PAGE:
One side effect of allowing gas to vent upwards but not downwards is that the brake has a definite tendency to pull your barrel down after a shot is fired. This is particularly noticeable of you are shooting offhand with the .223 brake. In fact, the effect is so pronounced on the .223 brake that I think this brake is not well-suited for off-hand shooting. On the other hand, this brake is ideal for using with a bipod. In fact, shooting the HK-SL8-6 at 600 yards, I could often see my own trace and call shot placement based on near misses. I haven’t had a chance to air out the Steyr at longer ranges, but I suspect the effect will be similar.

But muzzle brakes are often a series of compromises. One side effect  of the side-venting gases (no pun intended) is that it makes this brake an unpleasant neighbor at the range. It also increases the sound heard by the shooter…by a considerable margin. Perhaps it should be called the “Deafcon-1.” Ha! But these are all signs that the brake is working at its intended purposes: reducing felt recoil and muzzle flip. And the Defcon-1 does these two things better than any brake I have ever used. To mitigate the noise, I’ve been opting to add a second set of foam ear-pro when shooting the Steyr.

For the Beretta CX4 Storm, I opted for the Ghost Protocol.  The Ghost Protocol is at the opposite end of the spectrum from the Defcon-1. Rather than being intended for precision rifles fired off of bipods, this brake is designed for shootin’ and scootin.’  It features seven sets of small concentric holes running parallel to the bore axis, as well as seven sets of larger holes running perpendicular to the bore axis.

I did not want to screw up the excellent ergonomics and balance of the Beretta, so I opted for a light-weight aluminum version of the GP. I was surprised at how big (fat) it really is; I have to admit I was expecting something 2/3 the diameter. That , however, would not leave room for the holes running parallel to the barrel.  But that’s Ok, I think it looks pretty cool, actually.

A 9mm carbine does not have a lot of recoil, but the Ghost Protocol took away what little of that there is, making double taps that much easier and increasing my split times considerably.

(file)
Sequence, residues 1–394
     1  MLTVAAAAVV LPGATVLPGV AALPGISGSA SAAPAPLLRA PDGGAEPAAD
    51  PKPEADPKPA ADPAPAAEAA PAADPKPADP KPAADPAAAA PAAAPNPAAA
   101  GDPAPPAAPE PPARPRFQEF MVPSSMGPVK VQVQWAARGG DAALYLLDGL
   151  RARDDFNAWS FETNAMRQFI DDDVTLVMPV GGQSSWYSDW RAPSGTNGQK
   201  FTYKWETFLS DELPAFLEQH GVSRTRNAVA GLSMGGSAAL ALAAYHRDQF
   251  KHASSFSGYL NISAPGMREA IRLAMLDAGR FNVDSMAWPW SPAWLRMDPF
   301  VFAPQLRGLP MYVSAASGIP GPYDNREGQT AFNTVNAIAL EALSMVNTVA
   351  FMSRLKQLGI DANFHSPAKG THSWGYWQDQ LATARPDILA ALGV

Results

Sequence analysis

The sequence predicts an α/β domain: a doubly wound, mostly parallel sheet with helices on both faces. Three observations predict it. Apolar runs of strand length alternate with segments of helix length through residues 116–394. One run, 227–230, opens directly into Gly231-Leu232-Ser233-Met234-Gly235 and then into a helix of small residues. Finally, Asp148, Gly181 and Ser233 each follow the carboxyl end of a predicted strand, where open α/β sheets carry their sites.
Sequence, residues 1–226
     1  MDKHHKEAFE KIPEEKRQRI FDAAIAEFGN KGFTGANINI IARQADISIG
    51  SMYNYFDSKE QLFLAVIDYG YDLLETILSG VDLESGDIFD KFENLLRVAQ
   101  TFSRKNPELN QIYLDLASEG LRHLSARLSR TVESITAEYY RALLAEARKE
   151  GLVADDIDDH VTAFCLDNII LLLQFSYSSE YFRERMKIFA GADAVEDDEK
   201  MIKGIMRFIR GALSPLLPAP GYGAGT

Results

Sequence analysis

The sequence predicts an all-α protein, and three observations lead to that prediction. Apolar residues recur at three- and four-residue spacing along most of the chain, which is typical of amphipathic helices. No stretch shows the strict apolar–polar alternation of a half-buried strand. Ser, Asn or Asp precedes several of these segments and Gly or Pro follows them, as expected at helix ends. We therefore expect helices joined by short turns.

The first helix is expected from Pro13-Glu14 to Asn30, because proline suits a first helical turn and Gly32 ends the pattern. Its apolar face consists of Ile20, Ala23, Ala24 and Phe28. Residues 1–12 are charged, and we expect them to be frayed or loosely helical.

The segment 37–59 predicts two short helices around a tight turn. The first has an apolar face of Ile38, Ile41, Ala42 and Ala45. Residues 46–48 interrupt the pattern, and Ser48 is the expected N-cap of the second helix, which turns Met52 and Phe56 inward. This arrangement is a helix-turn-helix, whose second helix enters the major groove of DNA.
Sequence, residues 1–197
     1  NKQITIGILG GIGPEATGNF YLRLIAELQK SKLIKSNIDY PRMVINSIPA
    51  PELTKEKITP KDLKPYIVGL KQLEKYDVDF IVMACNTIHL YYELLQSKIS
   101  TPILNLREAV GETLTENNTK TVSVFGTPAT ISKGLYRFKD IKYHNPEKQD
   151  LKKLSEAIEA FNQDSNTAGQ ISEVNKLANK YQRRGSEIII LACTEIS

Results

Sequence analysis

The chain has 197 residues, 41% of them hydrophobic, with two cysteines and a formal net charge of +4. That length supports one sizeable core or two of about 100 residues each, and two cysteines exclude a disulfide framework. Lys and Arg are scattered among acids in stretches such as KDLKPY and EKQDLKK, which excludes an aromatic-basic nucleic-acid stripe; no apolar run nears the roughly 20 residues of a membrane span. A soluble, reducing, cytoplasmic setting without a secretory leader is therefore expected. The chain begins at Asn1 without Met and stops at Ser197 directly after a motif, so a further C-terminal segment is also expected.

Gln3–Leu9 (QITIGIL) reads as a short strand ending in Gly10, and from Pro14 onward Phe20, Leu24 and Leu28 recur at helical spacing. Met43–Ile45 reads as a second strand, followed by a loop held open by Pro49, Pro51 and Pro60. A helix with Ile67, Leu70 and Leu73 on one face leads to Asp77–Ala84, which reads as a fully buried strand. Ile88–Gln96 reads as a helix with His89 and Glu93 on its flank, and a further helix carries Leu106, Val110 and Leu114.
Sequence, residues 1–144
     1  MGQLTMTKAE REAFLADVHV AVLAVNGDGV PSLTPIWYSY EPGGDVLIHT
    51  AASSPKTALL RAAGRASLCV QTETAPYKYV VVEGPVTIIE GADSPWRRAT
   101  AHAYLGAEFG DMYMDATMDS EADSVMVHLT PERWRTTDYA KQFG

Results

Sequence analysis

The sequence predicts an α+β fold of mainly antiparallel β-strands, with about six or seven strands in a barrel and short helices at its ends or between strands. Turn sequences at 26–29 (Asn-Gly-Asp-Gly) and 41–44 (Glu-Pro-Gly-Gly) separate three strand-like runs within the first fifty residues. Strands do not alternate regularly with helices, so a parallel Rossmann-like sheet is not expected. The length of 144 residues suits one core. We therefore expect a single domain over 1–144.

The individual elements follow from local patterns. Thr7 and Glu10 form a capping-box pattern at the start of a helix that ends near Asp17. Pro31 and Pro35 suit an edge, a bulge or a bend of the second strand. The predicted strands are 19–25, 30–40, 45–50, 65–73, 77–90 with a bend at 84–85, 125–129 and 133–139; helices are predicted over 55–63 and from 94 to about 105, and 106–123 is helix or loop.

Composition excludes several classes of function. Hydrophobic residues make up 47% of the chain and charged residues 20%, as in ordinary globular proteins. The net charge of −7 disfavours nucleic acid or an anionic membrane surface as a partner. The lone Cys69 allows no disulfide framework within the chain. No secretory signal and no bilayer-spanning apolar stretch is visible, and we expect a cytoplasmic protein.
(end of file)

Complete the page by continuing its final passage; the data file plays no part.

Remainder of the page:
If you have a non-threaded barrel you are most likely going to opt for a clamp-on muzzle brake.  A clamp-on brake is the cheaper route to go, because it saves you the cost ($75 – $150) of getting your muzzle threaded. Now, if you do go the clamp-on route, it is imperative that you use calipers or a micrometer to measure the barrel diameter to 3 decimal places (for example, 0.856 inches).

Accurate measurements are essential! Jeff is going to ask you for two measurements: (A) the Muzzle Diameter, and (B) the Barrel Diameter one inch from the muzzle. See pic above. Jeff is going to cut your brake to the exact specifications you provide him. So, measure twice, so he only has to cut once.  I must have done it right because my brakes fit my barrels like a glove.

One final thing to keep in mind when ordering: Jeff custom finishes each muzzle brake to the customer’s specifications. For this time, you need to give him a couple of weeks lead time.  You won’t be disappointed.

Ratings (out of five stars):

Performance:  * * * * *
Lets face it, muzzle brakes aren’t rocket science; they represent simple Newtonian physics in operation. Nonetheless, Jeff has spend a lot of time on getting the diameter of the vents correct for different caliber riffles. So your .50 Beowolf brake will have different sized holes than a brake made for a .22-250. The performance he gets out of these brakes is impressive.

Durability:  ?
Again, time will tell. Jeff uses the best materials and no bushings, so I have no doubts as to the long term reliability of these brakes.

Cost: * * *
You can definitely find cheaper brakes on the market. But these are high-stress parts that can brake, er, I mean break…from stress and improper fit, so its best to spend a little extra and get something that is going to last you forever.

Overall: * * * * *
A do-buy recommendation.